PharmTech: ER injectables cannot be terminally sterilized. Why is this the case, and what types of sterilization should be used instead?
(Herbert, Alkermes): The challenge with terminal sterilization is that the physical and chemical stability of the materials used ER injectables—drug
and polymers—do not generally withstand the temperatures required to effect terminal sterilization. Terminal sterilization
utilizes high temperatures or radiation to make the product sterile. These conditions are likely to affect the API, creating
some level of impurities. For polymer-based ER injectables, these high temperatures would melt the polymer, and radiation
would typically decrease the molecular weight.
Additional therapeutic areas for ER injectables
Aseptic processing is therefore used to produce sterile product in temperature- and radiation-sensitive products. Process
equipment is steam sterilized-in-place, and ingredients entering the process pass through sterilizing filters that remove
any organisms that might be in the ingredients. The majority of the processing takes place in closed equipment to prevent
human contact. Media simulations are conducted to demonstrate that sterile product can be made in the process equipment.
(Thiel and Loffredo, Hospira): When terminal sterilization by autoclaving is not possible, the next default sterilization approach is sterile filtration
followed by aseptic filling, as noted. However, some types of ER injectables are also unable to be filter-sterilized. For
example, poly(lactic-co-glycolic acid) (PLGA) microparticle ER formulations cannot be filter-sterilized because the diameter
of the PLGA microparticles exceeds the pore size of a sterilizing-grade filter (0.2 µg). These microparticle formulations
require specialized manufacturing with sterile compounding and processing.
Stickelmeyer (Lilly): It is correct that terminal sterilization by heat, chemical agents, or radiation is not recommended. Typically, ER formulations
containing polymers may be susceptible to degradation at elevated temperatures due to the low glass-transition temperature
of the polymers, thus making heat sterilization difficult. Ready-to-use suspension formulations may be able to withstand an
autoclave cycle; however, heat treatments of aqueous suspensions may accelerate hydrolysis reactions, flocculation, or Ostwald
ripening and, thus, in many cases are not suitable.
For chemical sterilization by gases, there are concerns about achieving adequate sterility and minimizing residual gas levels.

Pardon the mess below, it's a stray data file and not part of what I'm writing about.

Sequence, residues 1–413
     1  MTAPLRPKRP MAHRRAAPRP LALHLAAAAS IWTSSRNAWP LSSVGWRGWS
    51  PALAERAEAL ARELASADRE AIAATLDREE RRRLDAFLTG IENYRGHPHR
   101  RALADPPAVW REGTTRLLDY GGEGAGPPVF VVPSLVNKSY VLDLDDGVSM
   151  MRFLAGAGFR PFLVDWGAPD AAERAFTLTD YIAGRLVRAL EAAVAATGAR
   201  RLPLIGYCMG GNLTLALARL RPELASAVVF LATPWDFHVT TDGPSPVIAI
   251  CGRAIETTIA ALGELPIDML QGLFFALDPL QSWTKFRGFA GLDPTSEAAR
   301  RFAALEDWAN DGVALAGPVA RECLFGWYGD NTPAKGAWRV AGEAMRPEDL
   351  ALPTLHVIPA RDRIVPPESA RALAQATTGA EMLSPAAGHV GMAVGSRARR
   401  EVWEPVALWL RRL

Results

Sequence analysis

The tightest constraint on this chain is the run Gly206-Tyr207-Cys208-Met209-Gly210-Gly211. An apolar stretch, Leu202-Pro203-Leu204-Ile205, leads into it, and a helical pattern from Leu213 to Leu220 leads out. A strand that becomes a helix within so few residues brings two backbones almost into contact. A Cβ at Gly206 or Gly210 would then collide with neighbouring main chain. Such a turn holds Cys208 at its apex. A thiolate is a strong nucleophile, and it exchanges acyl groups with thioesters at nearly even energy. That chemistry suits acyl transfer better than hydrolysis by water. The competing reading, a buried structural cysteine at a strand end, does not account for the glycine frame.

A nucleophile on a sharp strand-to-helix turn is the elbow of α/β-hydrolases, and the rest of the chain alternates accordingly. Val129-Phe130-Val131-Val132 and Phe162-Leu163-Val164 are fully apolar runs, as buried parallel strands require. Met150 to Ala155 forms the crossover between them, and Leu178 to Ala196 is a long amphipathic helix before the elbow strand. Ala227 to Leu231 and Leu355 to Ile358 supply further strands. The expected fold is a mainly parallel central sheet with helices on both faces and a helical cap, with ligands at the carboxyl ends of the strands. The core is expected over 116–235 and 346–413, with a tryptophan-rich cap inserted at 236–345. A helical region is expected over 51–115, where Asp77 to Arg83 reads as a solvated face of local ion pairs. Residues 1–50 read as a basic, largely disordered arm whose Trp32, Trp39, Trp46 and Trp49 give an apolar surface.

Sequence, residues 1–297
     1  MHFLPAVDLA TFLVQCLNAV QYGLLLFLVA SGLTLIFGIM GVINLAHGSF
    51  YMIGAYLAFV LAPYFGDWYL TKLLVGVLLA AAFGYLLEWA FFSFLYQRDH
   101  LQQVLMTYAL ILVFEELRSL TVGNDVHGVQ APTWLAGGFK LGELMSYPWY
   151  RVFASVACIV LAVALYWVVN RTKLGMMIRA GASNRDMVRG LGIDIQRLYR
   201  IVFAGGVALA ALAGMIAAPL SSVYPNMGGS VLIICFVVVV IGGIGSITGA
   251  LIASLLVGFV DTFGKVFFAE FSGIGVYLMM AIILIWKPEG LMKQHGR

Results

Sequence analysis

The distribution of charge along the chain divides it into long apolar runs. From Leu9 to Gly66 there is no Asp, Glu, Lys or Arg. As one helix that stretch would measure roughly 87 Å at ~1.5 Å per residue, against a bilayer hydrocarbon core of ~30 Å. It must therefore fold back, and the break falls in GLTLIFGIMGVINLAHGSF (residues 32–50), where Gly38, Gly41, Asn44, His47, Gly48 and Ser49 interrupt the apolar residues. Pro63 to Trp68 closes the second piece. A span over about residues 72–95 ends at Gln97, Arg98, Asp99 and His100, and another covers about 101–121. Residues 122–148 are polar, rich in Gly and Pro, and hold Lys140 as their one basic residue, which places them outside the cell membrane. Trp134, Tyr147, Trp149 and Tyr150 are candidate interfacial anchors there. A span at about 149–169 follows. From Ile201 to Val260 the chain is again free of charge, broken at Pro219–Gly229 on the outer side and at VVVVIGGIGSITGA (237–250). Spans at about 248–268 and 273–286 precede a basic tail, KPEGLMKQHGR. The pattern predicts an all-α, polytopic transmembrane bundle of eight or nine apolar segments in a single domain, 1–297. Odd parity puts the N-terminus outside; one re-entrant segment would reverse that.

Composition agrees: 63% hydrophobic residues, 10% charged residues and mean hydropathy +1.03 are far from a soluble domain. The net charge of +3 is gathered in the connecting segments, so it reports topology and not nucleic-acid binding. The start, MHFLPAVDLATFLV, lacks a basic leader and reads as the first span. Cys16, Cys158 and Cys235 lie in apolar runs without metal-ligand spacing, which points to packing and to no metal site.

Ionizing radiation may be feasible for solid particulate formulations (either gamma or electron beam) but may not be appropriate
for biologics or for polymeric formulations because the radiation may affect polymer properties (e.g., cross-linking, degradation)
that impact drug release.
Development of electron-beam sterilization cycles that expose the product to a higher energy—yet shorter processing times—may
minimize the impact on release properties and long-term chemical and physical stability. Lower irradiation doses based on
bioburden level may also provide required sterility assurance while reducing impact on chemical and physical stability.
Sterilizing filtration can be successfully applied to smaller particulate delivery systems but may not be feasible for larger
particulate systems. In these cases, aseptic processing of sterile subsystems can be complex and increase risk.
Tipton (Evonik): The notion that ER injectables cannot be terminally sterilized is not universally true. If both the active and the excipients
used in an ER formulation can withstand ionizing radiation independently—and combined in the dosage form—a terminal sterilization
process can be developed and validated. However, many ER injectables are more complex and cannot handle radiation sterilization.
This may be due to a complex active such as a protein that is susceptible to chain scission, oxidation degradation, disulfide
bond rupture, or changes in conformation. Also, some of the formulation materials may be susceptible to radiation (i.e., they
may undergo chain scission). In some cases, the formulation can be engineered to handle this decrease in polymer molecular
weight. Finally, there may be complex interactions between formulation ingredients that can lead to instability.